• Antibiotics are prescribed in case of infected joints leading to arthralgia.
  • Corticosteroids are also used in many rheumatic and autoimmune conditions because they reduce swelling and block or slow down the immune system.
  • A major group of drugs include Disease-modifying antirheumatic drugs (DMARDs) and Biologic response modifiers. These agents are extensively used in rheumatoid arthritis and other inflammatory arthritis conditions.
  • Lifestyle changes like adopting a healthy diet, losing weight and maintaining a normal weight etc.
  • Hyaluronic acid substitutes and nutritional supplements like Calcium and Vitamin D supplements are used to prevent bone loss and Allopurinol is an enzyme inhibitor that is used in gout.
  • Alternative exercise therapies include water therapy and heat and cold fomentation therapy.
  • Use of medical devices such as splints, braces, crutches, wheelchairs etc. for improved mobility.
  • Surgical therapy for restoration of function, relieve pain and to introduce prosthetic joint replacements for better mobility.

Arthralgia Causes

There are several causes of joint pain that range from injuries, infections, inflammation to severe degenerative systemic or whole body disorders.

Some of the causes may be classified as:-

  1. Those leading to single joint pain or monoarticular pain
  2. Those leading to more than one joint pain or polyarticular pain
  3. Those leading to musculoskeletal emergencies mandating immediate attention
  4. Back pain
  5. Non-specific arthralgias or muscle pains

Causes of single joint affliction or pain

Pain in and around a single joint are commonly seen in the knees or shoulders. If the pain is in the joint there is tenderness and pain at the end of the maximum range of the movement in any direction. The range of movement thus is significantly reduced.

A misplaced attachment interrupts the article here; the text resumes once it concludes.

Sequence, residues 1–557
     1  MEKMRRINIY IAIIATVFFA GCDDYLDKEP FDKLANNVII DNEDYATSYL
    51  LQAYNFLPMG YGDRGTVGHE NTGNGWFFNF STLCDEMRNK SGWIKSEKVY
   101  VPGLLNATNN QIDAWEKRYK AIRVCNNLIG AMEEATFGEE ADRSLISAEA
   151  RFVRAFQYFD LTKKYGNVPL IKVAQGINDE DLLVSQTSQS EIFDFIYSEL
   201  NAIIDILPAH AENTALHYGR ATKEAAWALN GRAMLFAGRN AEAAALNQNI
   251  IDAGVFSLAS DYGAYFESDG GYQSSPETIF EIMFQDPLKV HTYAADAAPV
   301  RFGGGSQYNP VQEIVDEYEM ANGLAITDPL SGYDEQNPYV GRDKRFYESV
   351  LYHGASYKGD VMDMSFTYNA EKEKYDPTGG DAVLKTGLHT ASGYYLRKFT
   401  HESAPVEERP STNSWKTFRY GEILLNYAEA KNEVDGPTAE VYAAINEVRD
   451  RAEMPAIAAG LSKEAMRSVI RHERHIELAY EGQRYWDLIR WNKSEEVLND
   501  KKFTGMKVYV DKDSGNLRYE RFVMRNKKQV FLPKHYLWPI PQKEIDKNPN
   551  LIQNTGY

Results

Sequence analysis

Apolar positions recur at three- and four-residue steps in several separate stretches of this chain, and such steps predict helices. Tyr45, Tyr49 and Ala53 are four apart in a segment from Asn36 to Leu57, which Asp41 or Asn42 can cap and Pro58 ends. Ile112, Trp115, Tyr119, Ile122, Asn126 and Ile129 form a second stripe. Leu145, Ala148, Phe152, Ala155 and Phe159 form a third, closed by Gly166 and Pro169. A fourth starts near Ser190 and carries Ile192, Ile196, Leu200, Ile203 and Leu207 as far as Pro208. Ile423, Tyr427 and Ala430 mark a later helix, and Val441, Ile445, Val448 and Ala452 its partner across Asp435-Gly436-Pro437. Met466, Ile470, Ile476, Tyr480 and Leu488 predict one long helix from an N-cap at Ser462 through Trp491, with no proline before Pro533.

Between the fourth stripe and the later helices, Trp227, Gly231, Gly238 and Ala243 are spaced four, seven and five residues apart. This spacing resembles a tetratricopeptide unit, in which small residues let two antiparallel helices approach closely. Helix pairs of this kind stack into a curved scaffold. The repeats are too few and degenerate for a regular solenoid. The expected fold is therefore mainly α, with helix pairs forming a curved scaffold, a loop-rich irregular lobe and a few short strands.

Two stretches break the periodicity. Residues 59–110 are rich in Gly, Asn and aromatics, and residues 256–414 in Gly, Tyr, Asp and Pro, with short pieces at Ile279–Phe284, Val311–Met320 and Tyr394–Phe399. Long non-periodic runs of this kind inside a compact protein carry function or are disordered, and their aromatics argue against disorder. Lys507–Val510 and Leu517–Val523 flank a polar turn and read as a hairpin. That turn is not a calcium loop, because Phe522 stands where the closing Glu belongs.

The pain may also involve structures around the joint. The joint affliction may be inflammatory or mechanical.

Inflammatory features include warmth, redness, swelling, pain and stiffness after prolonged inactivity in the joint. There is presence of morning stiffness as well.

Mechanical degeneration of a single joint is manifested by pain during activity, improvement with rest, locking or joint giving way during activity and absence of swelling, warmth and redness of the joint.

Some causes of single joint affliction include:-

  • Joint injuries
  • Joint infections or collection of pus in a joint usually following injuries and surgical complications
  • Rotator cuff syndrome
  • De Quervains tenosynovitis
  • Olecranon bursitis
  • Prepatellar, patella, anserine bursitis
  • Trochanteric bursitis
  • Plantar fasciitis
  • Achilles tendonitis

Causes of multiple joint affliction or pain

There are several non-inflammatory and inflammatory causes that may affect multiple joints. Common non-inflammatory conditions include osteoarthritis and fibromyalgia.

Other inflammatory causes include rheumatoid arthritis, reactive arthritis, psoriatic arthritis, gout, enteropathic arthropathy, polymyalgia rheumatic, systemic lupus erythematoses (SLE), etc.

Causes leading to musculoskeletal emergencies mandating immediate attention

The commonest emergencies include infections such as septic arthritis and osteomyelitis, injuries to the joint including fractures, dislocations, damage to the surrounding blood vessels and nerves due to injuries or cancers.

It is usually characterized by single affected joints with severe locking and pain that makes movement impossible. In case of infections there may be accompanying fever as well.

Causes of back pain

There are several causes that affect the back in general or the lower back particularly. It is the commonest musculoskeletal symptom by the population.

The condition may be transient and resolve in a few days or may be long standing with occasional flare-ups.

Apart from pain there may be affliction of the nerves as well leading to tingling, numbness in the lower limbs.

Some of the causes include repetitive strain injury, whiplash injury, sciatica, osteoporosis leading to vertebral fractures, slipped or bulging disc between two vertebral bodies etc.

Non-specific muscle pain and arthralgias

These may range from mild to severe leading to severe muscle pain, multiple areas of non specific pain, interference with sleep and performance, and commonly, chronic fatigue and depression. One of the common causes of this condition is fibromyalgia.